I took the time to do the maths on whether our backyard flock are earning their keep, comparing them on a cost per egg basis with both the cheapest eggs available at our supermarket and the most expensive, "luxury" eggs.
And what I found out really surprised me. Our chickens are blue-ribbon money-savers!
Cost per egg comparison - luxury and budget brands
The brands I checked out are:
- "Budget" brand mixed grade standard eggs. $2.99 for 12 eggs.
Cost per egg: 25 cents.
- Farmer Brown mixed grade standard eggs. $9.25 for 30 eggs.
Cost per egg: 31 cents.
- "Eco eggs" (they have a website) free range eggs, mixed grade. $4.85 for 6 eggs.
Cost per egg: 81 cents.
- "Bio eggs" (they have a website) free range eggs, organic mixed grade. $5.69 for 6 eggs.
Cost per egg: 95 cents.
Then our own humble chook eggs come in at just 19 cents per egg.
The costs and details of our own chickens and eggs are all laid out (pardon the pun!) below.
How many eggs do our chickens lay?
Our flock of hens is a mixed bunch, 13 in all. They are all, as far as I can determine, purebred, and less than 2 years old.
The amount of eggs our hens lay varies throughout the year.
Our hens lay as many as 9-10 eggs between them each day in the peak summer months, but in midwinter we are lucky to get 3-4 eggs a day between them.
Taking into account the winter egg laying drop off, and working on averages, between our 13 chickens we get an average of 6 eggs a day throughout the year.
If someone tells you that every chicken will lay an egg every day, don't be fooled. They're trying to con you. My chickens lay every second or third day, depending on the season, and that's normal.
Chickens are animals (some with great personalities!), not machines!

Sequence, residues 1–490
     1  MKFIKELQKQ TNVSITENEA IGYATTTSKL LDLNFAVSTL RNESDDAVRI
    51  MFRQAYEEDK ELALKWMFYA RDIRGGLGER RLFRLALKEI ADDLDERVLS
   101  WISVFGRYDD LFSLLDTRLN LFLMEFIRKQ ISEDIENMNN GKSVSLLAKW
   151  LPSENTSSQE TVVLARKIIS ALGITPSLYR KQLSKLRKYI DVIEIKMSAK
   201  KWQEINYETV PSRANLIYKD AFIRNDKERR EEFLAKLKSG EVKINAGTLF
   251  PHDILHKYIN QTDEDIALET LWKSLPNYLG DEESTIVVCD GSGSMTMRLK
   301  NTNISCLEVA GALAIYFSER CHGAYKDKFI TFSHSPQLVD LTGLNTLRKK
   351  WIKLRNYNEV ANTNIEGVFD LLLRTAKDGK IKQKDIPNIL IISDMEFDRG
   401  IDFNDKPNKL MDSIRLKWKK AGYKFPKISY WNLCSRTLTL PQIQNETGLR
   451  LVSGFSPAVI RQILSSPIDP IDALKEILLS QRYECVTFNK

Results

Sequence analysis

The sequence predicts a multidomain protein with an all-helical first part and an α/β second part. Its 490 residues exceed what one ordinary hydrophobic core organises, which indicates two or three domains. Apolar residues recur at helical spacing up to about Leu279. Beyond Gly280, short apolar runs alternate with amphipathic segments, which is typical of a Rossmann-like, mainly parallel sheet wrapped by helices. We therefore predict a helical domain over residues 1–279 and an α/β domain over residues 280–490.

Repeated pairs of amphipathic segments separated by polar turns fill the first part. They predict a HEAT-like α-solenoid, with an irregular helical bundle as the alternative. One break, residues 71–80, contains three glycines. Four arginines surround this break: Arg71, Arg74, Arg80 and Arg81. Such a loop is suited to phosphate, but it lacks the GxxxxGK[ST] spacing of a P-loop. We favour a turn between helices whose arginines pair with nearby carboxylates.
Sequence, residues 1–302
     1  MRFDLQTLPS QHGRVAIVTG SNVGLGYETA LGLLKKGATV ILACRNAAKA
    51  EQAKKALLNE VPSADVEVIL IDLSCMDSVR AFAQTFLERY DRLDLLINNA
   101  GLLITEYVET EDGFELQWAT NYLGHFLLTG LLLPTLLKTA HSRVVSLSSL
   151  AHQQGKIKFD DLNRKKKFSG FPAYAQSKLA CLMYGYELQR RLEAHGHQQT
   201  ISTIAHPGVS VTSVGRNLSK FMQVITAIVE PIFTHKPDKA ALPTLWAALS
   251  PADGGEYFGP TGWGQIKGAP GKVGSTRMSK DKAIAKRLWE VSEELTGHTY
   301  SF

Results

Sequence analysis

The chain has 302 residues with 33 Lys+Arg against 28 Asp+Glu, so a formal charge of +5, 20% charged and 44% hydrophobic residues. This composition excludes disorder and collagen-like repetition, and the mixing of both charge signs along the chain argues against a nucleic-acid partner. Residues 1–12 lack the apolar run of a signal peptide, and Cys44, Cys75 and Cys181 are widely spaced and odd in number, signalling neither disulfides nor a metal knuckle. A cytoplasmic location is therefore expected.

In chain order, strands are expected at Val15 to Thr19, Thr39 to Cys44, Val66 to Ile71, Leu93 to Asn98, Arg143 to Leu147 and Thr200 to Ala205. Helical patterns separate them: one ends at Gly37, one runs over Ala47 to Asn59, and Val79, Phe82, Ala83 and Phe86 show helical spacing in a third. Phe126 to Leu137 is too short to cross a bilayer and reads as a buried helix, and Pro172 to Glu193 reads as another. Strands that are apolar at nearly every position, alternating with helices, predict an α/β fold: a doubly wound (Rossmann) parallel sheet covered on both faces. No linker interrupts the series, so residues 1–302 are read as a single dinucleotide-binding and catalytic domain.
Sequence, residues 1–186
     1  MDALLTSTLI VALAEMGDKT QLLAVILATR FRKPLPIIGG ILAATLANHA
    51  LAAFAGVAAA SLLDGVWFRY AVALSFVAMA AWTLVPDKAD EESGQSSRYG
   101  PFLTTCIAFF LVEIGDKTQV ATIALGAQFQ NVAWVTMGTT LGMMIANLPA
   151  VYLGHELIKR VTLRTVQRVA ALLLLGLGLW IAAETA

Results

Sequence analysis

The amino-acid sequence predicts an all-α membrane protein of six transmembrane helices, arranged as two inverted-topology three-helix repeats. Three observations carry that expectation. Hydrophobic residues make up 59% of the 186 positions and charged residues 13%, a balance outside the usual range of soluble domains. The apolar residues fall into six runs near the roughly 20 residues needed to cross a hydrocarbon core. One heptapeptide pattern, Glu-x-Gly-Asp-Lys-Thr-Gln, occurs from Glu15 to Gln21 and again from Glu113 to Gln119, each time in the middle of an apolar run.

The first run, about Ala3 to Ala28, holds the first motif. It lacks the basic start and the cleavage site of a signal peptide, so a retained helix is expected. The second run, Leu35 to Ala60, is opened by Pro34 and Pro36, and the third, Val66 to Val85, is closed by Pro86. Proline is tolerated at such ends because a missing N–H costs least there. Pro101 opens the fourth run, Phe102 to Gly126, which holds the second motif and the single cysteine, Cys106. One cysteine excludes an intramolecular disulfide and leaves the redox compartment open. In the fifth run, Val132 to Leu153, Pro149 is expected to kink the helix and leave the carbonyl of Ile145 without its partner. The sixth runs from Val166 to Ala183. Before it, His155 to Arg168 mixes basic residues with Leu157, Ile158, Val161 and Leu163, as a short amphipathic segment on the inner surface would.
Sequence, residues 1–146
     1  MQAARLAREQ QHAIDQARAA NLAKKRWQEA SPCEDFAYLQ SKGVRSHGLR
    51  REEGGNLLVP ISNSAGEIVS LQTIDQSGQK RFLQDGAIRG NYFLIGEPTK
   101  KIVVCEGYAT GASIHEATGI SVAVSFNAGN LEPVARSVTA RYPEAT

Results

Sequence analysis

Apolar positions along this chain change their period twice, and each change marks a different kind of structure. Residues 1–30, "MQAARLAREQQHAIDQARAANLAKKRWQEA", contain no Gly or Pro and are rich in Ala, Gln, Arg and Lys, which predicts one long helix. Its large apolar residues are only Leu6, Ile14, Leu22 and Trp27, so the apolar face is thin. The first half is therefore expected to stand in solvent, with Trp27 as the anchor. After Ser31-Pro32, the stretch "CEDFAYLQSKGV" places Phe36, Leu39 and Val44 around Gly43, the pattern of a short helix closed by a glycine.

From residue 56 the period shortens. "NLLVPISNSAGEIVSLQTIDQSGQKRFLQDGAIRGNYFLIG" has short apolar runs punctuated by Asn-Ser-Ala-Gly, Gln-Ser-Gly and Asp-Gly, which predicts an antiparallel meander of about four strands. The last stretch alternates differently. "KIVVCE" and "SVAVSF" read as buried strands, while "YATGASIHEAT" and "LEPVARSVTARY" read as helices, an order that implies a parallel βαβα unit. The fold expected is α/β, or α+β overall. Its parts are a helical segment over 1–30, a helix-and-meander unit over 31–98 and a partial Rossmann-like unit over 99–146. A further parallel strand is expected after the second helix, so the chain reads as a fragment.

What do chickens eat?
We feed our chickens wheat and layer pellets, oyster grit for calcium, plus scraps from the table.
They free range around our 3 acre property for a few hours each day as well, getting insects and weeds, and fallen fruit.
How much do chickens cost to feed and house / bed?
I buy a bale of hay every month for bedding and nesting. This costs me NZD $12.00 a month (USD $8.50).
Total cost of hay per year NZD$144.00 (USD $101.68).
Wheat: The chickens are eating through a 40 kg (88 pound) bag of wheat every 2 months or so. The bag of wheat costs $26.20 at my local farm supplies store.
Total cost of wheat per year is about NZD$157.20 (USD $111.00).
Layer pellets: I am also replacing their 25 kg (55 pound) bag of layer pellets every 3 months. The layer pellets cost $25.60 at my local farm supplies store.
Total cost of layer pellets per year is about NZD$102.40 (USD $72.30).
Grit: Chickens also need oyster grit for calcium. I buy that in 10 kg bags (22 pound bags) for $12.80, and they use about 1 bag a year.
Total cost of oyster grit per year is NZD$12.80 (USD $9.04)
Scraps: The scraps from the table cost us nothing.
- Total cost for food: For feeding 13 chickens for a year = NZD $272.40 (USD $192.34).
- Total cost for bedding and nesting: NZD $144.00 (USD $101.68).
- Total cost of keeping 13 chickens per year: NZD $416.40 (USD $294.02).
- Total cost of keeping 13 chickens per week: NZD $8.00 (USD $5.65).
In my calculations, I have deliberately excluded the cost of housing, because that will vary from farm to farm, and property to property.
In our case, the chicken house was already in place and cost us nothing. But for others just starting up, building a chicken house could be a sizable cost, and is something to take into consideration.
How much are our eggs costing us?
We get about 6 eggs a day, on average throughout the year, from our 13 chickens.